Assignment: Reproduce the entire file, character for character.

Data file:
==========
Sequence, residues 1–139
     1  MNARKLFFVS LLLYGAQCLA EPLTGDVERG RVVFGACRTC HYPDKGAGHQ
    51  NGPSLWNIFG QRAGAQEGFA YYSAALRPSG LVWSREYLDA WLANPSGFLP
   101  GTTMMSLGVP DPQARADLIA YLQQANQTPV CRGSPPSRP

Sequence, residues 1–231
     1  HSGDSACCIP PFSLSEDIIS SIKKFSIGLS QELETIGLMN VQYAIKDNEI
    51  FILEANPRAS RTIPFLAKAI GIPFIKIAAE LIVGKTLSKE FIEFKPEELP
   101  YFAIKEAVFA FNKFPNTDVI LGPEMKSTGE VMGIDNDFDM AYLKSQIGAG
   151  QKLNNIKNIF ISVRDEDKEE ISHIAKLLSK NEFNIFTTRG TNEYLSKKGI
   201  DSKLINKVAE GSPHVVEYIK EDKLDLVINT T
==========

Sequence, residues 1–139
     1  MNARKLFFVS LLLYGAQCLA EPLTGDVERG RVVFGACRTC HYPDKGAGHQ
    51  NGPSLWNIFG QRAGAQEGFA YYSAALRPSG LVWSREYLDA WLANPSGFLP
   101  GTTMMSLGVP DPQARADLIA YLQQANQTPV CRGSPPSRP

Sequence, residues 1–231
     1  HSGDSACCIP PFSLSEDIIS SIKKFSIGLS QELETIGLMN VQYAIKDNEI
    51  FILEANPRAS RTIPFLAKAI GIPFIKIAAE LIVGKTLSKE FIEFKPEELP
   101  YFAIKEAVFA FNKFPNTDVI LGPEMKSTGE VMGIDNDFDM AYLKSQIGAG
   151  QKLNNIKNIF ISVRDEDKEE ISHIAKLLSK NEFNIFTTRG TNEYLSKKGI
   201  DSKLINKVAE GSPHVVEYIK EDKLDLVINT T